Handling the early teens son and his younger sister in the family challenge Sapphire and Steel almost as much as preventing a catastrophic collision of realities. The crush that young Rob, who would like our heroes to meet the parents, understandably has on Sapphire helps with that effort.

Great humor from "Assignment I" includes Sapphire telling the children that there are a total of 127 beings like her and Steel, and Steel correcting her by saying that the effective total is 115 because one subset of elements is to unstable to be reliable.

"Assignment II" has a much atmospherically creepy and adult feel than the premiere story. This one has our intrepid heroes working with amateur paranormal investigator Mr. Tully to solve the mystery of the best amorphous "darkness" this side of "Lost's" smoke monster actively attracting the spirits of the not-so-recently departed to the abandoned British railway station where all eight episodes in this story occur.

The most eerie elements in "Assignment II" relate to the shadowy images, the numerous parade o' ghostly apparitions, the regular changes to the time of day and season in and around the train station, and the horrific depictions of the circumstances regarding the gruesome deaths that caused the critical bad feelings.

Moving ahead in time to the sixth (and unfortunately final) assignment, this great finale to a truly awesome series is equal parts "Doctor Who" and "Twilight Zone" with an amusing dash of "Superman II." The tagline to this one could be "this time its personal."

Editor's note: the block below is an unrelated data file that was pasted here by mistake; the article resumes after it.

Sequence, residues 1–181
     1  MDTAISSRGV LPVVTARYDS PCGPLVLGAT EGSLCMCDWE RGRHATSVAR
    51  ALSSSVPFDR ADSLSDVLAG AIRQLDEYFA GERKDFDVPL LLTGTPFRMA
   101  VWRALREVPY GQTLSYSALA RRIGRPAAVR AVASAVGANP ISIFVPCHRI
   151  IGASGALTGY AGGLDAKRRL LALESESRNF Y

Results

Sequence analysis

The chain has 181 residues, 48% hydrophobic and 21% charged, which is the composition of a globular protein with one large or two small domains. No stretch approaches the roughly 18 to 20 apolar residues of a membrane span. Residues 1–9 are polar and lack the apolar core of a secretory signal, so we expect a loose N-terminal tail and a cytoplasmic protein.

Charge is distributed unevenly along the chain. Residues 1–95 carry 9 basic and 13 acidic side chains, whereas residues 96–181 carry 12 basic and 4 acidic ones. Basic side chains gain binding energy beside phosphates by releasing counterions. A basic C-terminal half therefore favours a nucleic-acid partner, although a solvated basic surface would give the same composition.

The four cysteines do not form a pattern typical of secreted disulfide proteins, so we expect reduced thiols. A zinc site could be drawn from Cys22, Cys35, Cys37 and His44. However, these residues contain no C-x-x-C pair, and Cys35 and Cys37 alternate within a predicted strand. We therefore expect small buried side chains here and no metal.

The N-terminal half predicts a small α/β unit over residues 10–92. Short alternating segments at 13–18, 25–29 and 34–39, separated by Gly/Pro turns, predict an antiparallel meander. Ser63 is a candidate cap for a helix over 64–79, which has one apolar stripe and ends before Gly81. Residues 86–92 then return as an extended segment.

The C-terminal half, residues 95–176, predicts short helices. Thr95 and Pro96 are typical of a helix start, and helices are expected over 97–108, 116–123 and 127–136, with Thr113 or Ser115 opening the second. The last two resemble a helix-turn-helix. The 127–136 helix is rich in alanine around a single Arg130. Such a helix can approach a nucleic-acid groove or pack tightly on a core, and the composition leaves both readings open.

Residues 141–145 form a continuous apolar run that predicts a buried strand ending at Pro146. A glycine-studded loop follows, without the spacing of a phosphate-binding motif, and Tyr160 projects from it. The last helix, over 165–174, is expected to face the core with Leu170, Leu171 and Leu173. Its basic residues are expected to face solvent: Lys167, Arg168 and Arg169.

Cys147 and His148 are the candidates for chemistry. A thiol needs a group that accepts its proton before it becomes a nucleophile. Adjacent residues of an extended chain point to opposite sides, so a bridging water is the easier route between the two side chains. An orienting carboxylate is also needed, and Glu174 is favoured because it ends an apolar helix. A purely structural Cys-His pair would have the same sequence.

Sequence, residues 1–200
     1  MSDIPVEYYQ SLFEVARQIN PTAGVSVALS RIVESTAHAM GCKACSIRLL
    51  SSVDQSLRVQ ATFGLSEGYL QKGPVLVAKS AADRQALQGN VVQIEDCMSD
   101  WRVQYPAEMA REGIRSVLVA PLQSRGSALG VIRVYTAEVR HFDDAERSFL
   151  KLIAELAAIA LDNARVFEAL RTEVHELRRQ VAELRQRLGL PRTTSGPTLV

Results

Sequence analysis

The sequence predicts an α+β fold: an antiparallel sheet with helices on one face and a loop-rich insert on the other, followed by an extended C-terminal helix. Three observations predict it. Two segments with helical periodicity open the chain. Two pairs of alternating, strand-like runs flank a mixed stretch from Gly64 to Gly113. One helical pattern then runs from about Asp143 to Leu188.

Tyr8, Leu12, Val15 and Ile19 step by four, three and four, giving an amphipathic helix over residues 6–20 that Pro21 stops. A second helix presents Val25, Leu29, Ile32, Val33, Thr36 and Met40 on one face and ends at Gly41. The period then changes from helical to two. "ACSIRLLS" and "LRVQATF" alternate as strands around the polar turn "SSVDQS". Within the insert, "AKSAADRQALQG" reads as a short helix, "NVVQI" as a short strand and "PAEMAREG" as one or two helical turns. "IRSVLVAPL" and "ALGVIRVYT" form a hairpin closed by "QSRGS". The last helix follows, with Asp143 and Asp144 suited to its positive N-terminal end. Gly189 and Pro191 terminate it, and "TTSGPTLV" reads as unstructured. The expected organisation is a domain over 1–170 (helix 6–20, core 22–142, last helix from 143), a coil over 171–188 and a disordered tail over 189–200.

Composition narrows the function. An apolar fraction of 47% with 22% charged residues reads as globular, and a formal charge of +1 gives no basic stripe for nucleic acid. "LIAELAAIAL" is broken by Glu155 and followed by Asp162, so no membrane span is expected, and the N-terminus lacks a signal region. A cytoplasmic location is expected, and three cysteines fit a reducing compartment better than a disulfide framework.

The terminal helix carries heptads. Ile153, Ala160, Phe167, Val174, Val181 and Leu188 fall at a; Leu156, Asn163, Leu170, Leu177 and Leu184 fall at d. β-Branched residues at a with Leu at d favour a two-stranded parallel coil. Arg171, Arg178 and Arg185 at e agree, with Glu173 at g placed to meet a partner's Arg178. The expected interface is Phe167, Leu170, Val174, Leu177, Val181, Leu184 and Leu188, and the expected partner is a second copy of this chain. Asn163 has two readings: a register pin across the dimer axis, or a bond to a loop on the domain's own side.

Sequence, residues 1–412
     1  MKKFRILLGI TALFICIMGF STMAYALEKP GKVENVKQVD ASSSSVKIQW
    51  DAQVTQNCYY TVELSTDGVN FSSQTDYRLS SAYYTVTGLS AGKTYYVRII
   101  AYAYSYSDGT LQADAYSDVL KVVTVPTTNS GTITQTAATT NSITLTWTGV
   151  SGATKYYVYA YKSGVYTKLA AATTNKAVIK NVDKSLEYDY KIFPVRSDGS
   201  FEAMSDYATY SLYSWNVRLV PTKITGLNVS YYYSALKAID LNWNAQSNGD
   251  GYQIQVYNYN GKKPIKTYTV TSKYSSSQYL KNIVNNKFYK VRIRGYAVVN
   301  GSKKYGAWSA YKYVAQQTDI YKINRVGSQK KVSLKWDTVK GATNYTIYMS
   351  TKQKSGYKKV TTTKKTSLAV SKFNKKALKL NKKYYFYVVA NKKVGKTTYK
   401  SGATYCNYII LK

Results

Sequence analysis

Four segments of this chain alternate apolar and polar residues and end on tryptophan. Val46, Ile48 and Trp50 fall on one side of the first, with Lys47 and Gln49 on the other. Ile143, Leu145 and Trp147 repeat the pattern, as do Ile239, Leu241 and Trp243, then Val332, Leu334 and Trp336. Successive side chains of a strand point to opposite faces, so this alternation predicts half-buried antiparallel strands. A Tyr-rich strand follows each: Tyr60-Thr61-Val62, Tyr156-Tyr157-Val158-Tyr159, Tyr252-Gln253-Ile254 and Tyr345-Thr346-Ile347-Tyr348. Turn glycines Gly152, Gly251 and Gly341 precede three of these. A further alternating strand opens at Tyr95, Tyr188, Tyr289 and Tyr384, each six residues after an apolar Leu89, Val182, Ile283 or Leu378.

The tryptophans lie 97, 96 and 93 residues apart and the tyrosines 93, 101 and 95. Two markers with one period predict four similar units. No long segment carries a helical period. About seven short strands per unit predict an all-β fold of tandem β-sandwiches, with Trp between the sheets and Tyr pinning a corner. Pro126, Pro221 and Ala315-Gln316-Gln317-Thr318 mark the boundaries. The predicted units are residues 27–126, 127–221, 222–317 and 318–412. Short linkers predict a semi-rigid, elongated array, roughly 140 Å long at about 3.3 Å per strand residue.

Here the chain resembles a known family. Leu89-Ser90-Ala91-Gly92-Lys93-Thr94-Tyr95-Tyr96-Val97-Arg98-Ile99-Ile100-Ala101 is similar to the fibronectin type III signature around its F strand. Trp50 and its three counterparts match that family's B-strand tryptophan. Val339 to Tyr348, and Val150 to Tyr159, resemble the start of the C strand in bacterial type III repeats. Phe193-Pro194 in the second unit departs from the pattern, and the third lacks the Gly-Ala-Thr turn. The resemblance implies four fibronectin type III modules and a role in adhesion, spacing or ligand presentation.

The incident that requires the expertise of Sapphire and Steel relates to a British couple from 1948 literally driving into an early 80s gas station. A older man from 1925 briefly joins the group, and a heavily made-up member of a theatrical group pops in from 1957.

Aside from trying to figure out how and why this odd collection of characters ends up in the otherwise empty station/cafe, Sapphire and Steel must determine why time initially stops at 8:54 p.m. and then rapidly jumps ahead several minutes a few times only to freeze again.

The aforementioned masters of the universe exercise their genuinely infinite wisdom in assigning Silver, who is a technician, to assist the operatives from another dimension. Silver, who is played by quasi-regular classic "Doctor Who" actor David Collings, is largely responsible for the strong "Who" vibe in this set of episodes.

This quirky shaggy haired actor is very reminiscent of Tom Baker's portrayal of The Doctor; Silver additionally has a device that looks and acts very much like The Doctor's sonic screwdriver; alas, Silver does not have a cute and intrepid robot dog.

Silver's abilities  extends beyond providing the comic relief and use of a "miracle tool" described above; his power to quickly reproduce items comes in handy.

An additional "Doctor Who" element comes in the form of a genuinely transient being having a willing and largely dedicated human companion.

The purpose and methodology of the triggering events and the outcome in this assignment greatly surprise both our titular characters and the audience. It also leaves us wanting more and hoping that Lumley and McCallum are game for a painfully belated reunion assignment.

Anyone with questions regarding "Sapphire and Steel" or the (it bears stating again) absolutely fabulous Joanna Lumley is welcome to email me.